This guest blog post was written by Melissa Whatley, Doctoral Student in the Institute of Higher Education at the University of Georgia.
This blog post details several presentations that were given at the annual meeting of the American Educational Research Association (AERA) April 27-May 1 in San Antonio, TX that speak to issues of access and equity in study abroad. While the conference schedule limited the international education sessions that I was able to attend, I hope to share with you some exciting new research particularly around issues related to minority student participation in study abroad.
The first presentation I attended was part of a roundtable discussion centered around Diasporic Curriculum, Youth Resistance, and World Citizenship. Particularly the presentation by Kirsten T. Edwards, entitled “African Diasporic Consciousness as Curricular Model for Equal Educational Opportunity in Study Abroad” spoke to themes relevant for the study of underrepresented students in education abroad. This presentation provided an overview of a study abroad program to Jamaica that was designed with the identity-seeking needs of Black female undergraduate students in mind. Edwards’ data consisted of interviews with both faculty and students who participated in this program. These data provided insight into how abroad programs tailored to underrepresented students may be designed and how the experiences of students who participate in them differ from the experiences they may have through typical study abroad. While researchers and practitioners often call for study abroad experiences tailored to the needs of a particular underrepresented population, it was refreshing to hear about a program of this nature that had been implemented. The conversation surrounding this presentation particularly highlighted issues and concerns, such as imperialistic undertones surrounding many study abroad programs to the developing world, that must be taken into account in program design to approach equity not only among participating U.S. students, but also the populations welcoming them.
A second roundtable session that I attended, Teaching and Learning Through an International Lens, included a presentation by Jennifer M. Pipitone, “It Was Definitely Great to Learn About a Place in a Place: Study Abroad and Experiential Learning in Morocco and Indonesia”. This presentation detailed the author’s dissertation research, which explored the ways in which knowledge was produced in short-term study abroad programs in Morocco and Indonesia using data elicited through participant-observation and narrative activities. Building upon Henri Lefebvre’s (1974) theory on the social production of space, Pipitone’s results point to the existence of three elements of engagement with place that relate to the production of what she has introduced as experiential learning space: representations and program design (what is thought, abstract engagement with place), cultural environment and rhythms of daily life (what is seen, material engagement), and students’ embodied experiences (what is felt, experiential engagement). The results of this study not only provide insight into how study abroad programs may be designed to maximize student engagement and growth while abroad, but also highlight the benefits of study abroad in a non-European location. The continued expansion of study abroad to non-traditional locations provides not only additional access to students who otherwise would not have studied abroad, but also a more equitable and inclusive view of the world. An article related to this study, “Socio-spatial Analysis of Students Experiences in/of Place in Morocco,” (Pipitone & Raghavan, in press) is forthcoming in the Journal of Experiential Education (doi: 10.1177/1053825917709823).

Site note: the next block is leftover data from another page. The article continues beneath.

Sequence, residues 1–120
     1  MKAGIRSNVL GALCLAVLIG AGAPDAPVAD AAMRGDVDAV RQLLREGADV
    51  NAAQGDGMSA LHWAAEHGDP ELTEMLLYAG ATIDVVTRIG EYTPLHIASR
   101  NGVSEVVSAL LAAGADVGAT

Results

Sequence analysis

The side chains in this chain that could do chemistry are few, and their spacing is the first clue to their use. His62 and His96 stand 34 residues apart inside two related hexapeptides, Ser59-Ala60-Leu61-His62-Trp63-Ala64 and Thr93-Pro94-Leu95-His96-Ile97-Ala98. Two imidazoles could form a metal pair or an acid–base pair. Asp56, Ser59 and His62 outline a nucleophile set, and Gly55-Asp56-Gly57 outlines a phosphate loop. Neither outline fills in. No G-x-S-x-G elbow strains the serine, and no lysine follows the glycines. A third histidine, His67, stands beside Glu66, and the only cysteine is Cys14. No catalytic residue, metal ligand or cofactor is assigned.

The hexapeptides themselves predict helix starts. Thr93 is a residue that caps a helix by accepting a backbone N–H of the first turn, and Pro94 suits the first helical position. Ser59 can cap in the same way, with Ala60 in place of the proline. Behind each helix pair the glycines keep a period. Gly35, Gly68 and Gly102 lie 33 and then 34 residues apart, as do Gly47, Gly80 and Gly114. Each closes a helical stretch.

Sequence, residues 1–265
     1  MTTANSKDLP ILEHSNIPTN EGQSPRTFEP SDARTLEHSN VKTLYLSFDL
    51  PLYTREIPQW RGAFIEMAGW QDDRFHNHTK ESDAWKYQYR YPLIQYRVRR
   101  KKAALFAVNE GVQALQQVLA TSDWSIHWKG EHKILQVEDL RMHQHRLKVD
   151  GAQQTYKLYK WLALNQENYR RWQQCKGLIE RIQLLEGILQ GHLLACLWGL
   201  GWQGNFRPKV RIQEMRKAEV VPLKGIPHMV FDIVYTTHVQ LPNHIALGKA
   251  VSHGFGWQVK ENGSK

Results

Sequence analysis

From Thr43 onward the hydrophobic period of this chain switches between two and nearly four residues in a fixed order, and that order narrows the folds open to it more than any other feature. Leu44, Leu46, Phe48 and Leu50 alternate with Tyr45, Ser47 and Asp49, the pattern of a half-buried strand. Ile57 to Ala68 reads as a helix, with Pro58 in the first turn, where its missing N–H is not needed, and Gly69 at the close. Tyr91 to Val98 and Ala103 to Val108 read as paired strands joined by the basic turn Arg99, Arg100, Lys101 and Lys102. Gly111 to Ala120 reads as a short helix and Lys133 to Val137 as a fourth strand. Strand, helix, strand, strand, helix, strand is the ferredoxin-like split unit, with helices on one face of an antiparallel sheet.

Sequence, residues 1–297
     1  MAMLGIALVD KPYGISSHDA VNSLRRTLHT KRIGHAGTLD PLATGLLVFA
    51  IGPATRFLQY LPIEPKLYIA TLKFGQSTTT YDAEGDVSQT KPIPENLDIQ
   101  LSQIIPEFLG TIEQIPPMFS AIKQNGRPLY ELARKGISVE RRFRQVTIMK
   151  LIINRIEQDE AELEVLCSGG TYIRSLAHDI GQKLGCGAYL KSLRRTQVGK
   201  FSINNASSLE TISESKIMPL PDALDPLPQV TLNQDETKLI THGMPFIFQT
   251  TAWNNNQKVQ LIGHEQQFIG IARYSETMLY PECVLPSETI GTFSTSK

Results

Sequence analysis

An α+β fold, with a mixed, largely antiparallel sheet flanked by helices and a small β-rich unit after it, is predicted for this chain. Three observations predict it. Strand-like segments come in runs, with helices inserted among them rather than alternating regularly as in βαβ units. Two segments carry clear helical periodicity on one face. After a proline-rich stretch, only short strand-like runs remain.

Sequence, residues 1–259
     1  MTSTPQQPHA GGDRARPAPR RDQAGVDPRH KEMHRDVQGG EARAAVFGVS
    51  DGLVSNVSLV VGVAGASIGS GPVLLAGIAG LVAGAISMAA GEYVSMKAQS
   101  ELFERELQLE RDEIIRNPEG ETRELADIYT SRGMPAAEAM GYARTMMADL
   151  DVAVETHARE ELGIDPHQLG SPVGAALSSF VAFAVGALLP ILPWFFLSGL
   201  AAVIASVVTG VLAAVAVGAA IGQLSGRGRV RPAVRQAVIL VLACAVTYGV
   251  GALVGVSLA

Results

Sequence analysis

I additionally attended a symposium, Historical Perspectives on Critical Internationalization, that included three presentations:
- “What Happened to the “International Mind” Movements? 1930s Curricular Reform and 1940s Gatekeeping in Elite American Universities” by Bryan McAllister-Grande
- “Legitimizing Exclusivity in Education Abroad: Roots of Selectivity in U.S. Undergraduate Study Abroad, 1950s-1970” by Eduardo Contreras
- “Tracing the Evolution of Education Abroad Program Models into the Age of the Corporate University: Perils and Possibilities” by Julie Ficarra
The last two of these presentations especially spoke to issues of access and equity in study abroad by tracing its elite origins. Contreras’s presentation highlighted the establishment of policies that legitimized study abroad as an educational endeavor, such as the implementation of academic merit requirements for participation, but that consequently also served to exclude certain student populations (e.g., those with lower levels of academic achievement) from education abroad opportunities. Ficarra’s presentation, on the other hand, considered recent trends toward the privatization and commodification of study abroad at many institutions of higher education, as exemplified by the outsourcing of study abroad to third-party providers. Both these presentations raise questions about how institutional policies concerning study abroad shape who gets to participate in these life-changing and career-enhancing experiences and who does not. Future work is certainly needed so that decision-makers who influence study abroad can be aware of the potential unintended consequences of policy.
I was very excited to see such varied and engaging presentations concerning issues of access and equity in study abroad on the program for this year’s AERA conference. These presentations raised critical issues for study abroad that are important for future research, policy design, and program implementation.#GraduateStudentsandYoungProfessionals #ResearchandScholarship